The Difference Between a Fried Egg and an Over-Easy Egg, According to a Southern Cook
Some of our cooking habits in the South can certainly be considered unique compared to the ways of other regions. It's not just anyone who will whisk a roux until their wrists ache, or grate frozen butter for biscuit dough, or put baking soda in a pitcher of sweet tea. (If you know, you know.) However, some dishes transcend place and time as everyday classics, such as eggs at breakfast time. For those, Southerners choose to put their own sparkle on the ordinary.
Any Southern cook who has mastered the homestyle recipes that everyone should know by heart—your mother, perhaps?—tends to feel passionately about how things are supposed to be done in the kitchen, even for something as commonplace as eggs. For many, eggs cooked in a skillet are eggs cooked in a skillet. To her, it's not quite so simple. There's a time-tested system in place that should be respected if you want eggs worth serving with grits on the side.
For example, at the surface level, there really isn't a difference between a fried egg and an over-easy egg. They're both cooked in a pan and flipped over to cook the yolk. The flip itself sets them both apart from a sunny-side-up egg. So, they're essentially the same thing, right? Not to Southern cooks.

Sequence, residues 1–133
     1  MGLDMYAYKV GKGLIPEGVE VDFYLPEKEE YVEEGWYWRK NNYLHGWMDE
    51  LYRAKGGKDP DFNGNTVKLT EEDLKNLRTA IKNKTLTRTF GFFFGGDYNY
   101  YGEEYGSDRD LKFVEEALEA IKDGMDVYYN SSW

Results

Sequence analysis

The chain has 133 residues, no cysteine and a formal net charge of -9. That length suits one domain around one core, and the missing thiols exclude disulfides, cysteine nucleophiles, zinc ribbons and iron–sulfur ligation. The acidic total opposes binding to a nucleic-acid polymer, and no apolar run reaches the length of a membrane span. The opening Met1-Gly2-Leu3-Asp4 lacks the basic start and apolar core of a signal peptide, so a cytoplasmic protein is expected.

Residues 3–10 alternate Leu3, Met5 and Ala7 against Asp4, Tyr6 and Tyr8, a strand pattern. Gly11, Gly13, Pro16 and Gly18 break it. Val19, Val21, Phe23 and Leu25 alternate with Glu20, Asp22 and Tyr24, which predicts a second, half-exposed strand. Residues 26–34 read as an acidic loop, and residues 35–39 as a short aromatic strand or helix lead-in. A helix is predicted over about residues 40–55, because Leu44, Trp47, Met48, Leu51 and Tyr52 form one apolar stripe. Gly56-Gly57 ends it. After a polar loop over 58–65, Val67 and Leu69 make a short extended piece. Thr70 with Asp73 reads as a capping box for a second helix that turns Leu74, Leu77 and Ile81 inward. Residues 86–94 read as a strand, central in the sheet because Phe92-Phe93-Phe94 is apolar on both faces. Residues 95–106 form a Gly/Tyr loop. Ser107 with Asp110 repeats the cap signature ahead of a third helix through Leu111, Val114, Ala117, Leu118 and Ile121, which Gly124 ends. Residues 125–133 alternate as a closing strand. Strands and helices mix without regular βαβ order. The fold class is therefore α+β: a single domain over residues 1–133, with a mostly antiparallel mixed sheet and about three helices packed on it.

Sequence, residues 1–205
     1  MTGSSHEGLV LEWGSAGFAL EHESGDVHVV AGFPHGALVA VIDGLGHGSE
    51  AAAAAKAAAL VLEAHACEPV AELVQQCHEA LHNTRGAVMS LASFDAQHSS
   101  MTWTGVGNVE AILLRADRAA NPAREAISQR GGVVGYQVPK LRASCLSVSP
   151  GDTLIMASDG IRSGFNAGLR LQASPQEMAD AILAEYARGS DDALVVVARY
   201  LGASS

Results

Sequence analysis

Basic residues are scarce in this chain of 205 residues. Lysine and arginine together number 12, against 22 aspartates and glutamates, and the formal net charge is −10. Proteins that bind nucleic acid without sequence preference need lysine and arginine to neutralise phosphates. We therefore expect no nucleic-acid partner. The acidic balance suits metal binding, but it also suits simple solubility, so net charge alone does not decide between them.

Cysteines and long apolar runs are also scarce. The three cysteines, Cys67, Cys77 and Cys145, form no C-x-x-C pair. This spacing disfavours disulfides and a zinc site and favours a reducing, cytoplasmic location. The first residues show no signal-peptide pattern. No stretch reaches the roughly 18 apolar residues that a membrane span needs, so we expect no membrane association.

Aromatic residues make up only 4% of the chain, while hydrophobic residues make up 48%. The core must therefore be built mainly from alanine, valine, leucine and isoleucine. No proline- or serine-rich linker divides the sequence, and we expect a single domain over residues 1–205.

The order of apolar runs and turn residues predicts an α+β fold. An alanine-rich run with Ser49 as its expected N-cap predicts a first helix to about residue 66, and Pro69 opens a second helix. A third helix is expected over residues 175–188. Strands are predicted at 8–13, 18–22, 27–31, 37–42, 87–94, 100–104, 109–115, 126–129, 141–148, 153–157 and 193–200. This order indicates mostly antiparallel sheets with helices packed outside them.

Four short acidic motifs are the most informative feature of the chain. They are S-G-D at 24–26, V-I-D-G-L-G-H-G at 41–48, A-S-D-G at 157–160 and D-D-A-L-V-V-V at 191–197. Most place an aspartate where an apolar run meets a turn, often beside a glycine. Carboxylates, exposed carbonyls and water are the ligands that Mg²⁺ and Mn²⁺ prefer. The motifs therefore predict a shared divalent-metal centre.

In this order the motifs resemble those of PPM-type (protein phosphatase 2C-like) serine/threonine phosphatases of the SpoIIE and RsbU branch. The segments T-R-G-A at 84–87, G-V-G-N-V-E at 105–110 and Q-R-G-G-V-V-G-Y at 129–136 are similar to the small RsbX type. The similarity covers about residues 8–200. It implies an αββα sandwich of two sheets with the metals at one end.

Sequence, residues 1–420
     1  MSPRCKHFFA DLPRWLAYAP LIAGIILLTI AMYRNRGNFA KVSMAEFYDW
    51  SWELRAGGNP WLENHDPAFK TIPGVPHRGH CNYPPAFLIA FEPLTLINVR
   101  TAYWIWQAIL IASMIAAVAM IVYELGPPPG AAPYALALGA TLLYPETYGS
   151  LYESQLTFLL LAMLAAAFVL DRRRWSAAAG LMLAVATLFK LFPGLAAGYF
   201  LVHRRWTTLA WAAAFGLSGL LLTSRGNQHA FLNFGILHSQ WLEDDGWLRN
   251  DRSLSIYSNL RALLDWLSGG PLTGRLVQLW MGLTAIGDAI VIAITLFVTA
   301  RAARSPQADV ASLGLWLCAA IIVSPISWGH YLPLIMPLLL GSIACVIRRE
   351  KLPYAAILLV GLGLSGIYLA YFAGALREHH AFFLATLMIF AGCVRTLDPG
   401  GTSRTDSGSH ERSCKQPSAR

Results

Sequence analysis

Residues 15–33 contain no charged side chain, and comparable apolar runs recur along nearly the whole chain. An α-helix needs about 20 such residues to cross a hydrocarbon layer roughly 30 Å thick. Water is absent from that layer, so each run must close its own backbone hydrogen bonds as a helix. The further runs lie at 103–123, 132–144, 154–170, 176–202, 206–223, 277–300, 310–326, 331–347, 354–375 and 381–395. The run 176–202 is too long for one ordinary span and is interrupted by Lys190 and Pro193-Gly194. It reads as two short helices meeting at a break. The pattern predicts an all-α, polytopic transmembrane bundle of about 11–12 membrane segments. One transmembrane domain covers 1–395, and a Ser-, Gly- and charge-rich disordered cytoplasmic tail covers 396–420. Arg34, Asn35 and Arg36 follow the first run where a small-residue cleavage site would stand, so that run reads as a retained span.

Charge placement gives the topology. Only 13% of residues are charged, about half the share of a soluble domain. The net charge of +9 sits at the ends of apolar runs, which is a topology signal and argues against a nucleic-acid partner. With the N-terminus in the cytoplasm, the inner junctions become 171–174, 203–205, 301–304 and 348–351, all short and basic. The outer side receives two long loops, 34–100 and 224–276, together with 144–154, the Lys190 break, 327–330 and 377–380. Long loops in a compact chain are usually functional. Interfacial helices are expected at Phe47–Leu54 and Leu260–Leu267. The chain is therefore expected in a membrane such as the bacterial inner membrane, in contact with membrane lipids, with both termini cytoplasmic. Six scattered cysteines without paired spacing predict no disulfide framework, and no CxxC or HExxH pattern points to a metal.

An over-easy egg evokes an image of something sans the sparkle, devoid of comfort-food flair; while a fried egg is something deliciously basted in leftover bacon grease from the strips cooling on a plate within arm's reach. There has to be some form of melty, indulgent fat in the frying pan that doesn't come out of a spray can, and if the eggs don't have tiny, browned, ugly bits of bacon studded to the surface, we're not interested. For more health-conscious Southerners, perhaps this is just the difference between a responsible Tuesday morning egg and a Saturday morning egg that their grandmother would have made. (It's also important to note that fried eggs can be requested with a hard yolk, not just a runny yolk. Additionally, butter in lieu of bacon grease is allowed in dire circumstances.)
Sure, it's more about the semantics, but words are everything. It's like calling a Coke a "soft drink," or dubbing a Cheez-it the same thing as a cheese straw. We can guarantee that no Southerner is going into Waffle House and asking for anything other than fried eggs. The server then asks for preference on the yolk, and everyone goes on with their day. Pecan waffles and free coffee refills for all.
In the dictionary, there might not be a definitive difference between fried eggs and over-easy eggs, but our butter-loving souls say otherwise.